# [petsc-users] Sparse linear system solving

Lidia lidia.varsh at mail.ioffe.ru
Mon Jun 6 06:19:37 CDT 2022

```Dear colleagues,

Thank you much for the help!

Now the code seems to be working well!

Best,
Lidiia

On 03.06.2022 15:19, Matthew Knepley wrote:
> On Fri, Jun 3, 2022 at 6:42 AM Lidia <lidia.varsh at mail.ioffe.ru> wrote:
>
>     Dear Matt, Barry,
>
>     thank you for the information about openMP!
>
>     Now all processes are loaded well. But we see a strange behaviour
>     of running times at different iterations, see description below.
>     Could you please explain us the reason and how we can improve it?
>
>     We need to quickly solve a big (about 1e6 rows) square sparse
>     non-symmetric matrix many times (about 1e5 times) consequently.
>     Matrix is constant at every iteration, and the right-side vector B
>     is slowly changed (we think that its change at every iteration
>     should be less then 0.001 %). So we use every previous solution
>     vector X as an initial guess for the next iteration. AMG
>     preconditioner and GMRES solver are used.
>
>     We have tested the code using a matrix with 631 000 rows, during
>     15 consequent iterations, using vector X from the previous
>     iterations. Right-side vector B and matrix A are constant during
>     the whole running. The time of the first iteration is large (about
>     2 seconds) and is quickly decreased to the next iterations
>     (average time of last iterations were about 0.00008 s). But some
>     iterations in the middle (# 2 and # 12) have huge time - 0.999063
>     second (see the figure with time dynamics attached). This time of
>     0.999 second does not depend on the size of a matrix, on the
>     number of MPI processes, these time jumps also exist if we vary
>     vector B. Why these time jumps appear and how we can avoid them?
>
>
> PETSc is not taking this time. It must come from somewhere else in
> your code. Notice that no iterations are taken for any subsequent
> solves, so no operations other than the residual norm check (and
> preconditioner application) are being performed.
>
>   Thanks,
>
>      Matt
>
>     The ksp_monitor out for this running (included 15 iterations)
>     using 36 MPI processes and a file with the memory bandwidth
>     information (testSpeed) are also attached. We can provide our C++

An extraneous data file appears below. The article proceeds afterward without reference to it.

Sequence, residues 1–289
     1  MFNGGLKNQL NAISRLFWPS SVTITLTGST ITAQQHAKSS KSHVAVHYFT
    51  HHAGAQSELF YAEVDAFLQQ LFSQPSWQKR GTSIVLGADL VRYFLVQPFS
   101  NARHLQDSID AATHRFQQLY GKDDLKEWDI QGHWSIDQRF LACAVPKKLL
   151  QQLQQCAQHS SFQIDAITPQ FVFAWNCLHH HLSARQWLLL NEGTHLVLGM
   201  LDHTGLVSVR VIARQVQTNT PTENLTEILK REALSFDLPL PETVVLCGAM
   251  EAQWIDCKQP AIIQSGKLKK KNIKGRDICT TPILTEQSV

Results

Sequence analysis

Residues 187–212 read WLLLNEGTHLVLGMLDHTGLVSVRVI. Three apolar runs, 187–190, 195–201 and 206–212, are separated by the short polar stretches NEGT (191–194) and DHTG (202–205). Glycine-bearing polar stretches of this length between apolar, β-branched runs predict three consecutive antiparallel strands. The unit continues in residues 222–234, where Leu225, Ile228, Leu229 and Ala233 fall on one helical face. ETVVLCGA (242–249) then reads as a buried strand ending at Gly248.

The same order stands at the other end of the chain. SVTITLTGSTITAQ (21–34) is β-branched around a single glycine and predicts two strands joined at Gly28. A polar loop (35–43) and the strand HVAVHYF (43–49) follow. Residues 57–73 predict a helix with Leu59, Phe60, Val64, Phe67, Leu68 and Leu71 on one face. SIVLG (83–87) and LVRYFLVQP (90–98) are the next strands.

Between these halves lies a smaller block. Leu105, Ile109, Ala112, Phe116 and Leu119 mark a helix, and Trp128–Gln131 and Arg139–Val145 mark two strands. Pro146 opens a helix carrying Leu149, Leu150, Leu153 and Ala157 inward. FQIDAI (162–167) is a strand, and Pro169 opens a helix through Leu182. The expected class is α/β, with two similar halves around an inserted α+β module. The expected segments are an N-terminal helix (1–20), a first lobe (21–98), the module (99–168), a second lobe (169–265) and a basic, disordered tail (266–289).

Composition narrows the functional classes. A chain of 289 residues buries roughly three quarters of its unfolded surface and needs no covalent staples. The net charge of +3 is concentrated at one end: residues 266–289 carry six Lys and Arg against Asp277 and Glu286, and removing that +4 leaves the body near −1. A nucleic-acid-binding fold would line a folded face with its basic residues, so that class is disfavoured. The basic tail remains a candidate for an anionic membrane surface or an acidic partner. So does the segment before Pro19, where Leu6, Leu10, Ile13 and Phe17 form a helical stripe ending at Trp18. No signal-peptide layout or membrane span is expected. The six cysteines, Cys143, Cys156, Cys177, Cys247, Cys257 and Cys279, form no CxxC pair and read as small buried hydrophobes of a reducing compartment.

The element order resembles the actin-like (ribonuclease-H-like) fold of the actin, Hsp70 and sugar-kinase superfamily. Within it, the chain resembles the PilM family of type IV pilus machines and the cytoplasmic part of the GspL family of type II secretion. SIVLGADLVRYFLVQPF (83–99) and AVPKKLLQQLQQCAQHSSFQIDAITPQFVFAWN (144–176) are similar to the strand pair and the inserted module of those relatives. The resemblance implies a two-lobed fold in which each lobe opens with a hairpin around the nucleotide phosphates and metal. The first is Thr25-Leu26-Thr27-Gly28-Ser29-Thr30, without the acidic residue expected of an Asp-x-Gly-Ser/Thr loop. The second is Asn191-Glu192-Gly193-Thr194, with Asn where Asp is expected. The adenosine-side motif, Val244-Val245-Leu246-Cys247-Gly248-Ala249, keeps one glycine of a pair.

>     script if it is needed.
>
>     Thanks a lot!
>
>     Best,
>     Lidiia
>
>
>
>     On 01.06.2022 21:14, Matthew Knepley wrote:
>>     On Wed, Jun 1, 2022 at 1:43 PM Lidia <lidia.varsh at mail.ioffe.ru>
>>     wrote:
>>
>>         Dear Matt,
>>
>>         Thank you for the rule of 10,000 variables per process! We
>>         have run ex.5 with matrix 1e4 x 1e4 at our cluster and got a
>>         good performance dynamics (see the figure "performance.png" -
>>         dependency of the solving time in seconds on the number of
>>         cores). We have used GAMG preconditioner (multithread: we
>>         "-pc_gamg_use_parallel_coarse_grid_solver") and GMRES solver.
>>         And we have set one openMP thread to every MPI process. Now
>>         the ex.5 is working good on many mpi processes! But the
>>         running uses about 100 GB of RAM.
>>
>>         How we can run ex.5 using many openMP threads without mpi? If
>>         we just change the running command, the cores are not loaded
>>         normally: usually just one core is loaded in 100 % and others
>>         are idle. Sometimes all cores are working in 100 % during 1
>>         second but then again become idle about 30 seconds. Can the
>>         preconditioner use many threads and how to activate this option?
>>
>>
>>     Maye you could describe what you are trying to accomplish?
>>     Threads and processes are not really different, except for memory
>>     sharing. However, sharing large complex data structures rarely
>>     works. That is why they get partitioned and operate effectively
>>     as distributed memory. You would not really save memory by using
>>     threads in this instance, if that is your goal. This is detailed
>>     in the talks in this session (see 2016 PP Minisymposium on this
>>     page https://cse.buffalo.edu/~knepley/relacs.html).
>>
>>       Thanks,
>>
>>          Matt
>>
>>         The solving times (the time of the solver work) using 60
>>         openMP threads is 511 seconds now, and while using 60 MPI
>>         processes - 13.19 seconds.
>>
>>         ksp_monitor outs for both cases (many openMP threads or many
>>         MPI processes) are attached.
>>
>>
>>         Thank you!
>>
>>         Best,
>>         Lidia
>>
>>         On 31.05.2022 15:21, Matthew Knepley wrote:
>>>         I have looked at the local logs. First, you have run
>>>         problems of size 12  and 24. As a rule of thumb, you need
>>>         10,000
>>>         variables per process in order to see good speedup.
>>>
>>>           Thanks,
>>>
>>>              Matt
>>>
>>>         On Tue, May 31, 2022 at 8:19 AM Matthew Knepley
>>>         <knepley at gmail.com> wrote:
>>>
>>>             On Tue, May 31, 2022 at 7:39 AM Lidia
>>>             <lidia.varsh at mail.ioffe.ru> wrote:
>>>
>>>
>>>
>>>                 Now we have run example # 5 on our computer cluster
>>>                 and on the local server and also have not seen any
>>>                 performance increase, but by unclear reason running
>>>                 times on the local server are much better than on
>>>                 the cluster.
>>>
>>>             I suspect that you are trying to get speedup without
>>>             increasing the memory bandwidth:
>>>
>>>             https://petsc.org/main/faq/#what-kind-of-parallel-computers-or-clusters-are-needed-to-use-petsc-or-why-do-i-get-little-speedup
>>>
>>>               Thanks,
>>>
>>>                  Matt
>>>
>>>                 Now we will try to run petsc #5 example inside a
>>>                 docker container on our server and see if the
>>>                 problem is in our environment. I'll write you the
>>>                 results of this test as soon as we get it.
>>>
>>>                 The ksp_monitor outs for the 5th test at the current